When I lived in Minneapolis, I had easy access to several great museums. I lived within walking distance of both the Walker Art Center and the Minneapolis Institute of Arts (which is free!). One of my favorite things to do in the snowy season was trek over to one of these museums, which would transport me from my cares and from the dreariness of March. I loved these museums and I still miss them.
Another favorite museum, though I couldn’t just casually walk over to it, was The Museum of Russian Art. Housed in an old Spanish Colonial Revival church, the museum is intimate and beautiful, with a rotating collection of spectacular works of Russian art, from antiquity through the modern day. The museum’s exhibitions are unlike anything you’re likely to see at any other museum in the United States. Since their focus is entirely on Russian art, they don’t seem to feel the need to define Russian culture in the hackneyed ways of so many other institutions. They avoid the “Old Mother Russia” and “Communist Russia” pigeonholes, instead giving us fresh perspectives on Russian art, with exhibitions such as “Antiquities from Ukraine: Golden Treasures and Lost Civilizations,” “The Enchanted Art: A Legacy in Russian Lacquer,” “Photographer to the Tsar: Revealing the Silk Road,” “Russian Impressionism: On the Edge of Soviet Art,” and “Faces of War: Russia in World War I (1914–1918).”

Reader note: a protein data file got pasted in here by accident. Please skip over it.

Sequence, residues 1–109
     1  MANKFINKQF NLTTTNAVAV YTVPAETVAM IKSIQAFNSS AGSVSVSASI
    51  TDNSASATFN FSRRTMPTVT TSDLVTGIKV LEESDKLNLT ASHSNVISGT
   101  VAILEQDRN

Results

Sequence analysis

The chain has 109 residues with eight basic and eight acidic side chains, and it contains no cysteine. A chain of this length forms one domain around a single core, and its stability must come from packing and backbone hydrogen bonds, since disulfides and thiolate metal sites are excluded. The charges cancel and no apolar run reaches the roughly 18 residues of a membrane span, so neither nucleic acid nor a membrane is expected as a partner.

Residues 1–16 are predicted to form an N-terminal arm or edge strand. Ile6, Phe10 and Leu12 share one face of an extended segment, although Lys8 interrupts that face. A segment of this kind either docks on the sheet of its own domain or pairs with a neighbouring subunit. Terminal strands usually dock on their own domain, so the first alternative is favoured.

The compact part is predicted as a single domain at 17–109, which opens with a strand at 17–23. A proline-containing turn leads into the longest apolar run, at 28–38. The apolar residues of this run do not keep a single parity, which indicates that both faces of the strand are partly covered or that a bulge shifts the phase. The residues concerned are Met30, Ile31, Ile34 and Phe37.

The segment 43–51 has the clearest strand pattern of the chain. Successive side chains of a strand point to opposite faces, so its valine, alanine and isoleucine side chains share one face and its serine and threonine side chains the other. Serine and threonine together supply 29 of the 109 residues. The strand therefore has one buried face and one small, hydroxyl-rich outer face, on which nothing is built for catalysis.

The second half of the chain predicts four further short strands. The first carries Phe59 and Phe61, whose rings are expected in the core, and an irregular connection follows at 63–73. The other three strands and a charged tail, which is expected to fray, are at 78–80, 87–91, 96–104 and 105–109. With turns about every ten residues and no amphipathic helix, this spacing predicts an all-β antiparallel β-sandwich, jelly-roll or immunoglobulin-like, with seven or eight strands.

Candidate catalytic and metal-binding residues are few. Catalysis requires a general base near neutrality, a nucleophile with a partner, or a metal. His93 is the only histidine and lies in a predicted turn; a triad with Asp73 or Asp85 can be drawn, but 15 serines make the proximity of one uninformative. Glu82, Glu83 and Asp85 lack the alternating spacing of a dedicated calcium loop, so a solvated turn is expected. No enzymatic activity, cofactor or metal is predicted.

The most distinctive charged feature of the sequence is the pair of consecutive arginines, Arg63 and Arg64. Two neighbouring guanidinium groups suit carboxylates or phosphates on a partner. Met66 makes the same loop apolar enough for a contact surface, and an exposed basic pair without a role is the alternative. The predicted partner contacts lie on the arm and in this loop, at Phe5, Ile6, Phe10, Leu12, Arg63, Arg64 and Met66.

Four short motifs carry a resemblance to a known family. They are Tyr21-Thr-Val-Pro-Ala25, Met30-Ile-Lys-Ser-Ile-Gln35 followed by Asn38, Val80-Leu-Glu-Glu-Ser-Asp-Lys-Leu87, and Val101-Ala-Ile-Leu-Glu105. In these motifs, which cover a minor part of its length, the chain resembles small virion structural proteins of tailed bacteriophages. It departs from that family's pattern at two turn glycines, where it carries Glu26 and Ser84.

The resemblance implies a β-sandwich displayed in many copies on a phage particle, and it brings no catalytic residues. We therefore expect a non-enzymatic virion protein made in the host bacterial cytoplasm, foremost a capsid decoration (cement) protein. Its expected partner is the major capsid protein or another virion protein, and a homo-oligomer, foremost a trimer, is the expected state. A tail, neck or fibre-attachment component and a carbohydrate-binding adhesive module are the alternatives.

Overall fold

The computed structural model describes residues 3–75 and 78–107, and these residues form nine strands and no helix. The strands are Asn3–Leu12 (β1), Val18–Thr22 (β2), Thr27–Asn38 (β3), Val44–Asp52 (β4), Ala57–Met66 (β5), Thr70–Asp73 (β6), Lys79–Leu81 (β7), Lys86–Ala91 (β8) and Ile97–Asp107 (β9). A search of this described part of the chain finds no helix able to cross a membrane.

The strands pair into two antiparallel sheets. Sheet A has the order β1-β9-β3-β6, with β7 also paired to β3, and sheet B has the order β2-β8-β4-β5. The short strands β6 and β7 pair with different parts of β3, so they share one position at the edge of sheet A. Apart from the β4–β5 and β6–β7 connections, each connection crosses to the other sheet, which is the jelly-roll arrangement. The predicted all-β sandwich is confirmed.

Can’t travel to Minneapolis? They have a section on their website devoted to online exhibitions. Though not the same as an in-person visit, the online exhibitions do a nice job of providing the same introductory information, and they guide you through the material in the exhibitions. This is a really great resource and I hope more people will become aware of it!